by Mike Vinti
The future of the BBC is uncertain. Despite John Whittingdale’s assurances everything is going to be ok, you can’t help but wonder — if they’re abolishing grants for disadvantaged students, cutting disability benefits and generally meddling in the NHS, why would they save the BBC? As the Tories start to enact their new budget, it seems nothing is safe.
The cuts have already started. Though its programming has been weak in recent years, the loss of BBC Three is symbolic of the Tories plans for the rest of the broadcaster. It hardly seems like a coincidence, especially in the context of Osbourne’s refusal to scrap the free license fee for over 65s, that the BBC’s youth-focused channel was A) its most neglected or B) the first of its services to go. The Tories’ cuts to the welfare state have disproportionately affected young people ,and if previous attempts are anything to go by, so will its gradual disintegration of the BBC.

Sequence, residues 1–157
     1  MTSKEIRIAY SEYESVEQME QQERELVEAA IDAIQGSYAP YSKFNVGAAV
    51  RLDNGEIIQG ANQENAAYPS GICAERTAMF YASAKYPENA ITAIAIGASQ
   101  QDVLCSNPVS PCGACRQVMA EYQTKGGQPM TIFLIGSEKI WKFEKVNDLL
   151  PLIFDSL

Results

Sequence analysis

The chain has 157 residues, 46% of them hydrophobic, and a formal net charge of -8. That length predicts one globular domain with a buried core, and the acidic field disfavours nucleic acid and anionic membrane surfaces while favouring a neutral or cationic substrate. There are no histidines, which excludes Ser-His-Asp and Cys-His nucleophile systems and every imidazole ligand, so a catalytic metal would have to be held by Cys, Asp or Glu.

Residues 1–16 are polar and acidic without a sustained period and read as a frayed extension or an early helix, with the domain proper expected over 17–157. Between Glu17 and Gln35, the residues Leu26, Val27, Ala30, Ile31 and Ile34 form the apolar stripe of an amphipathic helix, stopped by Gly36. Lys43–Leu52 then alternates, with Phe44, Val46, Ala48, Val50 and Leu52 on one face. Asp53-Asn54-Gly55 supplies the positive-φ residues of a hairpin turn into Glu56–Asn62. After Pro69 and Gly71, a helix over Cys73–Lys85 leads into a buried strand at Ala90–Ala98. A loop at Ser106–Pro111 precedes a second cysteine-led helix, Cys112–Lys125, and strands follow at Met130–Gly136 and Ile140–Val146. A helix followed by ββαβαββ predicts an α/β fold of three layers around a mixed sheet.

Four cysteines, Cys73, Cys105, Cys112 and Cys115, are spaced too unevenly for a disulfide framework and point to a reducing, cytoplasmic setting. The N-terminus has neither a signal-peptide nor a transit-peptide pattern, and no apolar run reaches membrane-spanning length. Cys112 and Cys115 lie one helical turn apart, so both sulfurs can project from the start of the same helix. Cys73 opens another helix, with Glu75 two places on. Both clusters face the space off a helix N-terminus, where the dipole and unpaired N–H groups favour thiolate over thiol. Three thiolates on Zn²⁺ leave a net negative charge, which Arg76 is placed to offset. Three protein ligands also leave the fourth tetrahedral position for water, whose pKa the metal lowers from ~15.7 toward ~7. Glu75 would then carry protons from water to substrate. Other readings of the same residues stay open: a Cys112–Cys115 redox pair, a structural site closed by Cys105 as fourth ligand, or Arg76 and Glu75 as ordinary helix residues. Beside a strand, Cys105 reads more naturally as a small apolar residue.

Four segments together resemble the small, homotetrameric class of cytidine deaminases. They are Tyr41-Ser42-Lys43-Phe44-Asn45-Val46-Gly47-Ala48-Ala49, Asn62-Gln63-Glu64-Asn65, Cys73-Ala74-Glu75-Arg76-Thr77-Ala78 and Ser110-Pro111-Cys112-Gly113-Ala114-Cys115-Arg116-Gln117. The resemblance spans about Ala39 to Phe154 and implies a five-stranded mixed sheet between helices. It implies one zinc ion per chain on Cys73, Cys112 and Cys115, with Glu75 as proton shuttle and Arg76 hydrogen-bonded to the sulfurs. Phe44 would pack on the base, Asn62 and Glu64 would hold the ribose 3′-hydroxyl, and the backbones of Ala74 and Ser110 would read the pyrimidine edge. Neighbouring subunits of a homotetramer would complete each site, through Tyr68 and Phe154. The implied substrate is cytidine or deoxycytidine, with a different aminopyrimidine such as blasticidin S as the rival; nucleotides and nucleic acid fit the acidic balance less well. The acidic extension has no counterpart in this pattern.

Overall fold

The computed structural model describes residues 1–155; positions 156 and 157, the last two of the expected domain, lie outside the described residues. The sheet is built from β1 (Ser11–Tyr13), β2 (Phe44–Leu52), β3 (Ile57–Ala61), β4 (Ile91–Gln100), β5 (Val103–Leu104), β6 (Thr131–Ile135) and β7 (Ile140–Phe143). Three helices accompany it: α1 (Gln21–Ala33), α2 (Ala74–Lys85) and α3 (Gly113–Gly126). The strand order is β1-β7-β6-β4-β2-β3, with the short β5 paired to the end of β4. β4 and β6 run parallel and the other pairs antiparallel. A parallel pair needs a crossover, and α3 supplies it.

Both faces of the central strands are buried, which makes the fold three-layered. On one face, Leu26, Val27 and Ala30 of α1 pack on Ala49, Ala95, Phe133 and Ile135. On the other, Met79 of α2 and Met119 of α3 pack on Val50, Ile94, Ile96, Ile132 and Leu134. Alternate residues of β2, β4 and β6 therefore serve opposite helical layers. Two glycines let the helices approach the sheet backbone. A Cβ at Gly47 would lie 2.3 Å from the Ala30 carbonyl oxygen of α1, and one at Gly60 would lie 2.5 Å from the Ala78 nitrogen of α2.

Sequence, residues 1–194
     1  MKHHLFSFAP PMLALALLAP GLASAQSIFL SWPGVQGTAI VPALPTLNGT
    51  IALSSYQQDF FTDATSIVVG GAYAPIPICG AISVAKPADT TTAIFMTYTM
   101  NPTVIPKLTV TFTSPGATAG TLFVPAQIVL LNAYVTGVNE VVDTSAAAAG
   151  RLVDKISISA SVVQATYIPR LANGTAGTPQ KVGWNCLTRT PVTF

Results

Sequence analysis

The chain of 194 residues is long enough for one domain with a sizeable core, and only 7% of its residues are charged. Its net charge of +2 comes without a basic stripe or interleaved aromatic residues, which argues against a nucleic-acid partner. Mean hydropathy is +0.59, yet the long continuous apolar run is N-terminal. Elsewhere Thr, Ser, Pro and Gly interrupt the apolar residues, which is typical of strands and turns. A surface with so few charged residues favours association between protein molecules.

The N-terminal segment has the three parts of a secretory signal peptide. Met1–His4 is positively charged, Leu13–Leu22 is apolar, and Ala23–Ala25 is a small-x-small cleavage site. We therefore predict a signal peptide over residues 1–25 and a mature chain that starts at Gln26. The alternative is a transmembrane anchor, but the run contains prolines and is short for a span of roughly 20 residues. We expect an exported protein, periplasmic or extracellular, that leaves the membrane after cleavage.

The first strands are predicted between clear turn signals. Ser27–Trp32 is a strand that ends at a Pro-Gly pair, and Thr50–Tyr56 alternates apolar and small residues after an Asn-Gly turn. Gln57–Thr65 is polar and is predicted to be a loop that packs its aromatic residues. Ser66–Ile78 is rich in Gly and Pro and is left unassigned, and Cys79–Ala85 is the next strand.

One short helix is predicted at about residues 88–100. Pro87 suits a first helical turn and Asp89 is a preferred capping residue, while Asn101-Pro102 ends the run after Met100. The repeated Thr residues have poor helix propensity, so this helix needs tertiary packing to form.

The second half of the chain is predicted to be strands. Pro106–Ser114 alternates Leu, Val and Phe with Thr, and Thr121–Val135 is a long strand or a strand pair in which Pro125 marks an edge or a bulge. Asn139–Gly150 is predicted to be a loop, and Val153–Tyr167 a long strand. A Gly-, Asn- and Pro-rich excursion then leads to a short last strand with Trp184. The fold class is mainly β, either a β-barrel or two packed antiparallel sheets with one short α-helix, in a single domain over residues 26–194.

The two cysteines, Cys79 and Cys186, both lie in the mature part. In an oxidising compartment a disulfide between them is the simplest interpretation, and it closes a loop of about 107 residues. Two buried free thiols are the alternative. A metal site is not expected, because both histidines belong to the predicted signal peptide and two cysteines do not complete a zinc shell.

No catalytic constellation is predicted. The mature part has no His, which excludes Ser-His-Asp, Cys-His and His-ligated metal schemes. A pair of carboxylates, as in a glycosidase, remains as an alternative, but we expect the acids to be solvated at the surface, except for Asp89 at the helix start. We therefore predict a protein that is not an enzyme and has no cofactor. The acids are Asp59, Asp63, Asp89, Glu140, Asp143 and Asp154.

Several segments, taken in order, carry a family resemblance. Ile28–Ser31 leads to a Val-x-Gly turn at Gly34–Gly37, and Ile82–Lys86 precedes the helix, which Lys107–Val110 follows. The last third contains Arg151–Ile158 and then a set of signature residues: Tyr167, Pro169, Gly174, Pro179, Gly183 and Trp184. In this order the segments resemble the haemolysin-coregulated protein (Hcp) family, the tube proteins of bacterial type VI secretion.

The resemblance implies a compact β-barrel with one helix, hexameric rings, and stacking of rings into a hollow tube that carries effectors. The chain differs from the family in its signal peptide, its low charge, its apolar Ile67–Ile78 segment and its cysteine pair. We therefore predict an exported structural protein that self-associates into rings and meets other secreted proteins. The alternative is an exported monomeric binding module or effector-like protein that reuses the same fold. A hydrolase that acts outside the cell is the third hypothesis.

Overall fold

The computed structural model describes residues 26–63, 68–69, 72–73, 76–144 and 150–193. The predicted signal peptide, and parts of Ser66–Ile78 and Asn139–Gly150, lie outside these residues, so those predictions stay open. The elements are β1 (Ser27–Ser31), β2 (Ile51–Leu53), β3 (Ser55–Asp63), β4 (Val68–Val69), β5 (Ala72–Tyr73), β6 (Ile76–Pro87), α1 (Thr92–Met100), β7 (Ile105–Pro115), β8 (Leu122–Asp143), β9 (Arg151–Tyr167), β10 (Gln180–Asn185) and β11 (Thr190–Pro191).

This will be easy for Cameron and his underlings in the department of Culture, Media and Sport to achieve. The BBC has been losing young viewers and listeners from its TV and Radio stations for years.